In previous installments, we brought you video of the amazing levitating Slinky, and Peter Barss wondered how the Slinky had been calibrated to work exactly this way. I asked physicists to come forth, and they have—not just physicists, but an astrophysicist. (Who better to explain levitation?) Saint Mary's grad Jonathan Dursi, now a senior research associate with the Canadian Centre for Astrophysics, furnished this detailed by elegant explanation: Sometimes you hear that there's three things taught in first year Engineering (or Physics, or whatever); things fall down; F=Ma; and you can't push on a string.* It's exactly those three things at play...

One of my favorite photographers, Cory Katz, a 25-year-old autodidact, has a show on at the Cape Breton Centre for Craft and Design, from now until July 16. Katz springs from that unlikely hotbed of artistic talent that is New Waterford. Yes, New Waterford. ...

The Atlantic's Derek Thompson explains it in four terse sentences: Europe has Greece. We have Mississippi. Europe uses the term "permanent bailouts." We call it "Medicaid." And he illustrates the point with a map from the Economist: Thompson again: [T]he poorest states like Mississippi, New Mexico, and West Virginia rely on ginormous transfers of federal taxes in the form of unemployment benefits and Medicaid. Like the United States, the euro zone is all on one currency. Unlike the United States, the euro zone collects a teensy share of total taxes at the EU level and has no legacy of permanent fiscal transfers from the...

Yesterday, I posted a slo-mo  video of a Slinkeys, which, when dropped while their springs were completely distended, appeared to levitate momentarily, until their springs had time to re-compress, whereupon they began their expected downward trajectory. My pal Peter Barss (who is descended from a real pirate, kids) has a question "for anyone who remembers their physics better than I do." During most of the its fall, the bottom of the Slinky remains absolutely motionless, which, to my mind, means the gravitational force acting on the slinky pulling it down is exactly balanced by the force compressing the bottom of the...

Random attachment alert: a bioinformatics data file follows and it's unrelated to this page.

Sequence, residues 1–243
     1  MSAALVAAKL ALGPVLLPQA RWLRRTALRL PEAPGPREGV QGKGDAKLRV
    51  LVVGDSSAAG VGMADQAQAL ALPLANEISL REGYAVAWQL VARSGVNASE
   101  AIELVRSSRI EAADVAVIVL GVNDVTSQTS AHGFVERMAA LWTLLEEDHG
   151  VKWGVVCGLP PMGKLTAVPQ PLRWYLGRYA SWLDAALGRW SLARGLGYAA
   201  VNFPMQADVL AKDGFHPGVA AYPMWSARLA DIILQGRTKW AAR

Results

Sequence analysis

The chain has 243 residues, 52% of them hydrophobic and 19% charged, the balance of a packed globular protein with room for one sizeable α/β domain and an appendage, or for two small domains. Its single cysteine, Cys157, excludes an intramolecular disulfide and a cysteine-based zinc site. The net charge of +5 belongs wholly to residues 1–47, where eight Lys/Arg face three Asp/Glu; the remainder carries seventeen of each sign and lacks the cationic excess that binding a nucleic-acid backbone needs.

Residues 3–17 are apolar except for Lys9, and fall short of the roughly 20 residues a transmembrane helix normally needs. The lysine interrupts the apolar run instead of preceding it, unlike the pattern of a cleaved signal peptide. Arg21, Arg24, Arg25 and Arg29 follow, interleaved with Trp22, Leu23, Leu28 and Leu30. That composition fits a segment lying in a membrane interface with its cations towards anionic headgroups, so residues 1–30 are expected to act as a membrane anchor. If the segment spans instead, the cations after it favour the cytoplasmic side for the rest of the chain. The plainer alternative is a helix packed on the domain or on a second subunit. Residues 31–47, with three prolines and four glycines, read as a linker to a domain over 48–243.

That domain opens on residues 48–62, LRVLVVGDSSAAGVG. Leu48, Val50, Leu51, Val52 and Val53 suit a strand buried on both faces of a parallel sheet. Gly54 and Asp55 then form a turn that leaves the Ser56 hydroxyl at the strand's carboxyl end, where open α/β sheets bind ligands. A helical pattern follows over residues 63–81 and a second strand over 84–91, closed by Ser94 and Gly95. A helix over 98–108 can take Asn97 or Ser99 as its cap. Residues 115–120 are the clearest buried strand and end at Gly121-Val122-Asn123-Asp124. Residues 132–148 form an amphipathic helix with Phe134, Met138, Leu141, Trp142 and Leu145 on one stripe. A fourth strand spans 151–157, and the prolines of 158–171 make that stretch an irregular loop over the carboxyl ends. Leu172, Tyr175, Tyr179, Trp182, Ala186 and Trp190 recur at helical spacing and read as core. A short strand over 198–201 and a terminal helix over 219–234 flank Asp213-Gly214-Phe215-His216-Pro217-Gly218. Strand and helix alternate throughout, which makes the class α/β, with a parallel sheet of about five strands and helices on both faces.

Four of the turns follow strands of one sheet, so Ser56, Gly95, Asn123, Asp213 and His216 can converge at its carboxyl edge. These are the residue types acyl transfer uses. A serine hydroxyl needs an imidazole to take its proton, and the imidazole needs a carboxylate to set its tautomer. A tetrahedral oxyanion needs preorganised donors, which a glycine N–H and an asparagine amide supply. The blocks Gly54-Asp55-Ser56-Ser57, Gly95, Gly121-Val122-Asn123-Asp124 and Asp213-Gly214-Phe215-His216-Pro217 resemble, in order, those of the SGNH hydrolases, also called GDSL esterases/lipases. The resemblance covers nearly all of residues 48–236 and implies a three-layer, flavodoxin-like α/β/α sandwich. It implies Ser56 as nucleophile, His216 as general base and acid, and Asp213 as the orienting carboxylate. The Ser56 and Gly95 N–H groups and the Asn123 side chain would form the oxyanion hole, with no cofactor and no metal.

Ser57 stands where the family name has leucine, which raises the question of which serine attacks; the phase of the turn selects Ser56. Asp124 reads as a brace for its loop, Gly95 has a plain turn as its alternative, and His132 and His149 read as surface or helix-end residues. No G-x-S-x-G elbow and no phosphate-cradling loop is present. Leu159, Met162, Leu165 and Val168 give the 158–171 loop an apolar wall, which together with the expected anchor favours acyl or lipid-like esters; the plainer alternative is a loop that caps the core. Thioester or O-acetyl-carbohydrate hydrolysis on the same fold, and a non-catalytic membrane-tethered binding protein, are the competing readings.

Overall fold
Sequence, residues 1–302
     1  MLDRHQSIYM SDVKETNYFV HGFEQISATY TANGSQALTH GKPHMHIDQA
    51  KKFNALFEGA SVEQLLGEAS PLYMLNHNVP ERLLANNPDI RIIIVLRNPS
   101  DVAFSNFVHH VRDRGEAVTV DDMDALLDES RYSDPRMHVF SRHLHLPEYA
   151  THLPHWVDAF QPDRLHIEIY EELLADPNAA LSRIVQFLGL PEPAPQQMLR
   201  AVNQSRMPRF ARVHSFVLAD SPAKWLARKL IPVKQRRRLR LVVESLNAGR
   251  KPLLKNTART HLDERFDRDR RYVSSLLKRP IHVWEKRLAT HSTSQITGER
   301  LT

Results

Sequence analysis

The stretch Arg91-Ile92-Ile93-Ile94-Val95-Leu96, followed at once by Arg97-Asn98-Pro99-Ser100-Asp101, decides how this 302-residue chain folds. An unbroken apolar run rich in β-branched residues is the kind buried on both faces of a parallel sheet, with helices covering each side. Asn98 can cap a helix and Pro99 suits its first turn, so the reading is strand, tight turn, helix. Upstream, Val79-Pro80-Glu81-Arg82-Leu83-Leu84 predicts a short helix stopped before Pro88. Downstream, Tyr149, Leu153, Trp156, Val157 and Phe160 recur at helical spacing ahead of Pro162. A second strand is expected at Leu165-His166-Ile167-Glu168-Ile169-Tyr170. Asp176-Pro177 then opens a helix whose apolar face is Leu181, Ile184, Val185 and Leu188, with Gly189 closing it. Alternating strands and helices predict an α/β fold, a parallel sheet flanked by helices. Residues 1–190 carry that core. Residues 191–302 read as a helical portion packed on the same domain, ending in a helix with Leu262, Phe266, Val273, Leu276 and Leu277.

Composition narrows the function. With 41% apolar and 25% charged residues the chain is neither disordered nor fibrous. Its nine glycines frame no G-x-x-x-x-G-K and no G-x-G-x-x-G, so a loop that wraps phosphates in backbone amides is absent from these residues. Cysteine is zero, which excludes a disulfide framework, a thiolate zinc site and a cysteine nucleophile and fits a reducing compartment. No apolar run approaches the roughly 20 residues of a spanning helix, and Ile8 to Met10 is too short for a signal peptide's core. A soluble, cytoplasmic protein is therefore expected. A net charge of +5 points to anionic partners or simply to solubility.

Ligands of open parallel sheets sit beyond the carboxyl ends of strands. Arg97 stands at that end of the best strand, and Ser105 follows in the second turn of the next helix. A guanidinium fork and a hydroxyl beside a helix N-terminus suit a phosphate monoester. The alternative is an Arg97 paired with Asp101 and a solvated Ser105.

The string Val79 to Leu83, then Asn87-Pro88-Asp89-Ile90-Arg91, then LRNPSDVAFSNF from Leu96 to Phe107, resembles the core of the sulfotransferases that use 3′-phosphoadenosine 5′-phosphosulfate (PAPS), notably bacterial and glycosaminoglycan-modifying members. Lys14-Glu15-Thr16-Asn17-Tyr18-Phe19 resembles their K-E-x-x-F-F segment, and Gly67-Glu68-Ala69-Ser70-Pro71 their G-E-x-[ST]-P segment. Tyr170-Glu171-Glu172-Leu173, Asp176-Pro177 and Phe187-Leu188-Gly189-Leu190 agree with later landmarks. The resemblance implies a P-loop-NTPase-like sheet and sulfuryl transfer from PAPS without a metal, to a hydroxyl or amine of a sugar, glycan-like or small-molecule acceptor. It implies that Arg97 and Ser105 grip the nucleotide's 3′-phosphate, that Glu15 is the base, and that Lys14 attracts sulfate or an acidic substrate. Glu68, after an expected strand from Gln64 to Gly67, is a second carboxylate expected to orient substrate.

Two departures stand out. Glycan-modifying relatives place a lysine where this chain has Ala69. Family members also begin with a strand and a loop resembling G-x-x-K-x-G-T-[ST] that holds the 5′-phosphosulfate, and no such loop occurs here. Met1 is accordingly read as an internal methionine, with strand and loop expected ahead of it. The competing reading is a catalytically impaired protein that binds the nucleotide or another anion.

Every once in a while, between pleas from search engine optimizers, deposed African Generals, and cut-rate Viagra pushers, spam coughs up a gem. Like the 5,711-word message I just received from Father Yahweh, yea Jehovah, Most High God, aka Linda Newkirk of Little Rock, Arkansas. It began like this: It can now be reported that many of the wildfires in the western United States have been started by highly trained and well equipped foreign terrorists. It can also be reported that these terrorists are also responsible for the numerous explosions that occured in Michigan on the 6th and 7th of June...

All the actions is in the first 140 seconds.The remaining four minutes of explanation, involving claims of "information transfer" and "signals," strike me as, frankly, bulltwaddle. Much more plausible is the explanation furnished by Andrew Sullivan's Daily Dish, which in turn came from an even more thorough explanation on Rhett Allain's blog at Wired.com. What you're seeing: If a slinky is hung by one end such that its own weight extends it, and that slinky is then released, the lower end of the slinky will not fall or rise, but will remain briefly suspended in air as though levitating. Explained: [T]he best thing is to...

When information is presented in a format computer programs can read, as opposed to a static, telephone directory-style list, fresh insights spring from the data. Contrarian friend Gus Reed prepared a compendium of revelations arising from Elections Nova Scotia's annual political donations report—once we liberated it from the cloistered format favored by the former Chief Electoral Officer. Some examples: Does Nova Scotia have a party of the rich? Not according to the donations made in 2010. When Gus plotted the proportion of donations against their size, all three major parties showed a remarkably similar distributions: Vote tallies for the three major parties in...

In a series of posts last September, Contrarian revealed that Nova Scotia's Chief Electoral Officer had degraded the format used to report political donations over $50. For the first time, she released the file as a scanned PDF that cannot be searched or readily copied to other formats. Helpful Contrarian readers promptly hacked* McCulloch's degraded files, enabling us to republish the data in the searchable, text-grab-friendly format used in previous years’ reports. Today's long overdue follow-up provides the data in two new, even more useful and interesting formats: An Excel spreadsheet readers can view, parse, and re-use in ways limited only by their imaginations and...